On the flipside of attacking, you’re going to need to defend your base regularly from other players, as the game does take some inspiration from the base-building genre of gaming that the mobile market popularised, except without the pesky addition of waiting for the buildings to be complete, as they do it immediately. Just to keep your base safe and to prevent them from stealing your resources, which are required to build more defences, as well as upgrade them, you’re going to need to put down different buildings that all have their own uses. Some are simply there to create a distraction or create a maze for their troops, and other buildings are designed to shoot at anything that seems to move.
The overall gameplay for the game is quite simple and very easy to learn, but with the increasing amount of time that’s been put into the game, it feels more and more like a game that was designed for mobile, due to just how unintuitive some of the controls are with the mouse. For instance, clicking and dragging along the screen to pan the camera across the battlefield shouldn’t nearly be as hard as this game makes it, and yet it only seems to work half of the time.
With the more experience, you end up having in this game, the more it seems like playing on a touchscreen would make the game considerably easier and that’s not a welcome feeling when the game is actually quite fun.
There are some nice levels of community in this one, as the developer has put the effort into making an official forum for the game, so that players can swap army builds and whatnot. On top of that, there’s also an in-game friends list which can be used to converse with other players; along with an “alliance” system that works like many other guild/clan systems, where a group of players can join an alliance to chat, have a laugh, and destroy other alliances when they feel like doing so.
Visually, the game is quite a visual treat for the player, no matter what kind of style you’re into. The game totes a rather colourful and vibrant cartoonish style that looks great for the game and makes every unit really stand out on their own and makes playing the game a real nice experience to just look at. Everything in this game has its own unique art style connected to it and that’s what makes it that much more impressive, as it’s the same quality all around.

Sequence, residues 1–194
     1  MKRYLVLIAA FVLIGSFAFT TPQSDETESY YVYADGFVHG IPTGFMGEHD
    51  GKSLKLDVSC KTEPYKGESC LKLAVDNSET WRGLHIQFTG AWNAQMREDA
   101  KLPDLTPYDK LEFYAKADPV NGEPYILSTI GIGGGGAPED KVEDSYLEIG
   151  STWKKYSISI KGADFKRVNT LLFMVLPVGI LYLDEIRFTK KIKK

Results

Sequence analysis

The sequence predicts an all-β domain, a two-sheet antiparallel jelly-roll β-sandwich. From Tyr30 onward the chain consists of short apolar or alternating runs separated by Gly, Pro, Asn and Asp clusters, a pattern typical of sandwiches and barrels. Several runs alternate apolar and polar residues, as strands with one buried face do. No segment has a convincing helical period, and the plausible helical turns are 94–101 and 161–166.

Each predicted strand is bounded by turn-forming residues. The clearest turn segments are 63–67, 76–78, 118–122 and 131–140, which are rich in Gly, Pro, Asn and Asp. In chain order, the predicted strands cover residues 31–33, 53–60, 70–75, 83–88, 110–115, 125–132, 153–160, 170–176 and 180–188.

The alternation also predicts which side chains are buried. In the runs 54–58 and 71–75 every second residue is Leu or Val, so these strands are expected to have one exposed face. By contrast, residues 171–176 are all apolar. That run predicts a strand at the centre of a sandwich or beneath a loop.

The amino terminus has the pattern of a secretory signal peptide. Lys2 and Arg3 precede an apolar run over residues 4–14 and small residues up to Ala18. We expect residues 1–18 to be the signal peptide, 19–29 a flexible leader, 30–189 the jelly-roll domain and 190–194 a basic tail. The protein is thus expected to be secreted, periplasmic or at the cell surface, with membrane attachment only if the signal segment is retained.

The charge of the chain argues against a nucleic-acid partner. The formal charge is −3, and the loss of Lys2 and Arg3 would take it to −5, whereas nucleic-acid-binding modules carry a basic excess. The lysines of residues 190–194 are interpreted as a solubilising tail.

Another nice surprise from the game was the great audio and soundtrack that came with it. Something that was noticed whilst playing the game was the loading screens were rather reminiscent of WW2 propaganda and thanks to the awesome soundtrack that sounds straight out of a WW2 documentary, it improved the feeling of the game as a whole and really cemented the decade the developer wanted this game to be set in. Not to mention how good the overall weapons sound when they’re being fired, because even though the game does look rather cartoonish, the weapons sound pretty realistic as a whole.
Overall, GUNS UP! has a couple of hit and miss features here and there, with its biggest problem being it doesn’t quite feel like it plays the best on PC, but everything else about the game is a great overall package. The gameplay is really fun, without being too complicated to jump into for the very first time. Visually and audibly, the game is developed really well and that visual style is a treat for the eyes, no matter how much you play the game and it only cements the fact it is one of the better base-building/strategy games on the market right now and it’s completely free!